Astronomical Time versus Social Time

A Case Study from Ancient Egypt


  • Rita Gautschy Department of Ancient Civilizations, University of Basel



Deir el-Medina, division of the day, Egyptian New Kingdom, social time, sundial


The archaeological context of a recently unearthed sundial from the Egyptian Valley of the Kings suggests that the object was used to define the work hours of labourers engaged in building tombs. An analysis of the sundial enables us to establish its precision and the scientific rationale on which the measurement of time is based. This allows us to gain insights into the role of astronomical time in Egypt c. 1200 BC. Administrative texts of the same period found nearby offer additional evidence on the everyday life of the workmen and the importance of social time in regulating their activities. This provides us with a unique opportunity to compare astronomical with social time and ponder the arising implications from the convergence or divergence of the two.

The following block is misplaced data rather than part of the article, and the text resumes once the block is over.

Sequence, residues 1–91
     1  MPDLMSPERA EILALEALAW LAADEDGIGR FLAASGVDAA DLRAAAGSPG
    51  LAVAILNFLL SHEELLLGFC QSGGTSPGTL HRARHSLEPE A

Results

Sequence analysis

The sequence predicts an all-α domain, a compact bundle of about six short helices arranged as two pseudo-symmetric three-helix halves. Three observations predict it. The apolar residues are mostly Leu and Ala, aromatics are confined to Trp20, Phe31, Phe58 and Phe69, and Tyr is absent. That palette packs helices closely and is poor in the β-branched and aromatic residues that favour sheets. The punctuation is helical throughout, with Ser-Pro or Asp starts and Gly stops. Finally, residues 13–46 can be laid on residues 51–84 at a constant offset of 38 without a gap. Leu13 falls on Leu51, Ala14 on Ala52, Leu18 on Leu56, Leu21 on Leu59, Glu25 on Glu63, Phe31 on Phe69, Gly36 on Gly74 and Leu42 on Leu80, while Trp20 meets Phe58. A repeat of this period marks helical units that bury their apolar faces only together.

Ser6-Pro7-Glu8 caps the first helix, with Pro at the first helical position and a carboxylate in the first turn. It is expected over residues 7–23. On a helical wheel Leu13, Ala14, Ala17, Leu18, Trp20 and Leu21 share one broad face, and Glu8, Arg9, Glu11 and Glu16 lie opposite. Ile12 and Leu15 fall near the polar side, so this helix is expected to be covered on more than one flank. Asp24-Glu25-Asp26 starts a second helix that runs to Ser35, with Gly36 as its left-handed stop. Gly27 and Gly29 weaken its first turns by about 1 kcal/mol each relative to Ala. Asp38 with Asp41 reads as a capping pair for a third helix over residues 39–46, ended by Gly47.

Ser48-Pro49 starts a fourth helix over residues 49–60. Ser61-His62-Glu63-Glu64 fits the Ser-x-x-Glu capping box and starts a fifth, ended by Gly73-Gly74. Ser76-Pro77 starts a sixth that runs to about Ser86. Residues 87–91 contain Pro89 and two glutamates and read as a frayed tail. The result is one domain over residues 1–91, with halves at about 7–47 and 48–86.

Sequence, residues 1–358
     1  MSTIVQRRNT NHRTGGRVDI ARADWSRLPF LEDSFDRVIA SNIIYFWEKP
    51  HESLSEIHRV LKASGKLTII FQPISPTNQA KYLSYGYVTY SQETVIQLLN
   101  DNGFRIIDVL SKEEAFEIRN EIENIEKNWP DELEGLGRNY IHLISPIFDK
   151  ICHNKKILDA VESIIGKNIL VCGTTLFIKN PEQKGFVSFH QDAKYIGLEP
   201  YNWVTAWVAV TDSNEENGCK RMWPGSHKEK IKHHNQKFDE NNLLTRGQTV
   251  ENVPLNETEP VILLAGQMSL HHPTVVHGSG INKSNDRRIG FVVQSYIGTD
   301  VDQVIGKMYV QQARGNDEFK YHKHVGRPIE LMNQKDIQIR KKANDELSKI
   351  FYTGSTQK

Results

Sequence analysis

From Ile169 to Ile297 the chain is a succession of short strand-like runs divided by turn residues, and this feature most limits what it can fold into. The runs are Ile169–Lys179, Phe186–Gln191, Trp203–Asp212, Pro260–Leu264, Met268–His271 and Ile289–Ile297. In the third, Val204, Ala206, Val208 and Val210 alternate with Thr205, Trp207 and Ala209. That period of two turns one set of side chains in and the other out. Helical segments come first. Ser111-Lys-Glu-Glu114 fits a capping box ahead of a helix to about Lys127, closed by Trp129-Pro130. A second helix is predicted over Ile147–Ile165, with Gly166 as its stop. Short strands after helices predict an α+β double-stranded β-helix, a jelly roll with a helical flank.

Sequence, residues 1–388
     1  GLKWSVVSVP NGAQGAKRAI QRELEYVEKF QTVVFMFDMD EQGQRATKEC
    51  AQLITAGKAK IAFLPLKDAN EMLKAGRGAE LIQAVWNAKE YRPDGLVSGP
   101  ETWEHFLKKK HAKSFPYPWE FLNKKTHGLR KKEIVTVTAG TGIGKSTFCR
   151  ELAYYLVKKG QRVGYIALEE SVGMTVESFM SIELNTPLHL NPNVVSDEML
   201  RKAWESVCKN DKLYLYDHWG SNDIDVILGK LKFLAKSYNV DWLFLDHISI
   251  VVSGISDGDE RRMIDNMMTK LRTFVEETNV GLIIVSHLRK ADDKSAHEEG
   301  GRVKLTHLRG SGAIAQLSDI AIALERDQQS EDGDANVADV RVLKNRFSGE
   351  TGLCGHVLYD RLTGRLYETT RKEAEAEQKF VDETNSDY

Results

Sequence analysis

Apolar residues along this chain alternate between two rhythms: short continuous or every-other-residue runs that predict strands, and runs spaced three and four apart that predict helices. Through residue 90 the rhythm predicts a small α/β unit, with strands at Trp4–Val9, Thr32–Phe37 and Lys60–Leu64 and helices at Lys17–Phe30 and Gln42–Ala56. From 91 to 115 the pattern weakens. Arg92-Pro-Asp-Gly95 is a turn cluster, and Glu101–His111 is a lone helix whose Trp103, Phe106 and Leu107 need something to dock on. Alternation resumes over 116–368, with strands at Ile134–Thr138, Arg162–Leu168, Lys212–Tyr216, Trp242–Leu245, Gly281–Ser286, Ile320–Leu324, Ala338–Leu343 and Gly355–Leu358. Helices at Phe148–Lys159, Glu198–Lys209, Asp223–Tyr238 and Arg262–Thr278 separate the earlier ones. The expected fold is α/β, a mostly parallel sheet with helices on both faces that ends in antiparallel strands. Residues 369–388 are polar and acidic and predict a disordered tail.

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Author Biography

Rita Gautschy, Department of Ancient Civilizations, University of Basel

Department of Ancient Civilizations, University of Basel


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How to Cite

Gautschy, R. (2018). Astronomical Time versus Social Time: A Case Study from Ancient Egypt. Journal of Skyscape Archaeology, 3(2), 217–223.



Theory & Method